I would divide the act of hunting into 4 phases: spotting, reaction time, chase and fight.
Spotting- depending on how far away or how many predators that is spotted, the prey react to or ignore the threat.
Reaction-time between spotting and action. That can perhaps vary between young inexperienced, adult or elderly individuals(3 stages of the lifecycle?).
Chase- Acceleration, changing course(multiple times? with big enough turn, maybe decrease speed and force more acceleration) and lunge(maybe a path that the predator "commits" to when close enough, where if the prey changes course it probably will result in a miss and resume chase? Like your path the wolf "locks on" to, but at the end of the chase).
Fight- When chase is successful it ends up in a fight. Easiest would be to add a % of fail or success(you know.. Fight for life your life, no rules), where predator could be stunned so that the prey could escape or the prey would be killed.

Hope my comment could be helpful somehow.

As a first "big" project I'm actually trying to making some sort of RTS with a lot of these mechanisms myself, so this sounds very interesting to me :)
 
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Kululu17

Guest
Hi - I have played with this type of problem on a much less sophisticated level, but a couple of simplified ways of dealing with it are:

A. Have a delay to the pathfinding to simulate inertia - so you would have the wolf target where the pig was, but say not reset to where the pig currently is until a certain time passes (in steps). That way you could have the pig reset every 6 steps, but the wolf would reset every 10 steps. One advantage to this, is for a static target, it would not result in the weird behavior described above.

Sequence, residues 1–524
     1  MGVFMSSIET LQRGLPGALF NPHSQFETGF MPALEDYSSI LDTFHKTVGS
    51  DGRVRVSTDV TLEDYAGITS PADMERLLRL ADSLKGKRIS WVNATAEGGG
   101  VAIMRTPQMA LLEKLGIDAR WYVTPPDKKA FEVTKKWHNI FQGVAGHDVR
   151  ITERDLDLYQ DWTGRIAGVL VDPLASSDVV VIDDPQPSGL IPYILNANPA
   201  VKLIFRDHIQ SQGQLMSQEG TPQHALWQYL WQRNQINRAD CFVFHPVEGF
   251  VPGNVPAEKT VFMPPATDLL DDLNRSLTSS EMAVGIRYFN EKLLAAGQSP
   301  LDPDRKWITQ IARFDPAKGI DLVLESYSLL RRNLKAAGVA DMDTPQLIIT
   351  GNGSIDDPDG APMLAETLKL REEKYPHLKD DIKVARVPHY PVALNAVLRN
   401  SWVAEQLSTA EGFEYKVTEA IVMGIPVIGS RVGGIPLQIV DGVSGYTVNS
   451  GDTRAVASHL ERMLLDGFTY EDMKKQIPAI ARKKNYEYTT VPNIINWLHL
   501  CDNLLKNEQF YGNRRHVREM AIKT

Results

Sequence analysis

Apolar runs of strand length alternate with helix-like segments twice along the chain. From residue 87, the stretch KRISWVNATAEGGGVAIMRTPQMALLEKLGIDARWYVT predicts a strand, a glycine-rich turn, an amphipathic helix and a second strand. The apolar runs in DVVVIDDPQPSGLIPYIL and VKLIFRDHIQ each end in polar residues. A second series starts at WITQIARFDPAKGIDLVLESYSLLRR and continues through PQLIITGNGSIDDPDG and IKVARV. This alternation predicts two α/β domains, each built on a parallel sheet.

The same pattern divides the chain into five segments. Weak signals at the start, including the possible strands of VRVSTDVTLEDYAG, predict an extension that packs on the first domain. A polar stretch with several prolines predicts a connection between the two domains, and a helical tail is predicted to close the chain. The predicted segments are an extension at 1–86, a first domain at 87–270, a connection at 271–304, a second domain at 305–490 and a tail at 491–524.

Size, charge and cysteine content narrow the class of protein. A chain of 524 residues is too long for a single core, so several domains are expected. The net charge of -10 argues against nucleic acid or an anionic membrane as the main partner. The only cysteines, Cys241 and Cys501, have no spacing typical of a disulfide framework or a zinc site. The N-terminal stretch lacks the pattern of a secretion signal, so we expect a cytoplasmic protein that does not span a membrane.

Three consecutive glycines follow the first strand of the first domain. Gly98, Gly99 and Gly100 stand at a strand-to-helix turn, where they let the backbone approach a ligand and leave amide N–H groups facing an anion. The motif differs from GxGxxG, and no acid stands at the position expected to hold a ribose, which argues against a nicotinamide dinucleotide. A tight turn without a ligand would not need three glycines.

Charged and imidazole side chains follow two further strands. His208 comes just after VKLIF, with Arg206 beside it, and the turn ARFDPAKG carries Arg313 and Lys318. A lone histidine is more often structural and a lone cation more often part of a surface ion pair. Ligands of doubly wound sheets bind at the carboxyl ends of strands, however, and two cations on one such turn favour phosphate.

B. Have an attacking mode with a delay, which also simulates inertia. So if the wolf is within a certain distance, it stops and goes to attacking mode, but the attack is not effective until a certain delay has passed. If the prey is still with the attacking distance, the attack is effective, otherwise the wolf goes back to pursuing mode. With some randomness in the preys direction this will result in some successful and some unsuccessful attacks.

C. Have an endurance for the prey set higher than the predator. So if the wolf can't catch the pig after a certain period of time, it would slow down a lot, and give the pig a much better chance to escape (this is also similar to many predator/prey situations where the prey has greater endurance).

D. Have certain types of terrain favor the prey - for example tall grass where the predator may loose track of the prey, or dense shrubs where a predator can't maneuver well. If the prey happens to be close to a favorable terrain when the chase starts, they have a much better chance of escaping.

It may not be true to biology, but, by playing with the exact values for the above parameters, I have been able to get prey to escape some of the time.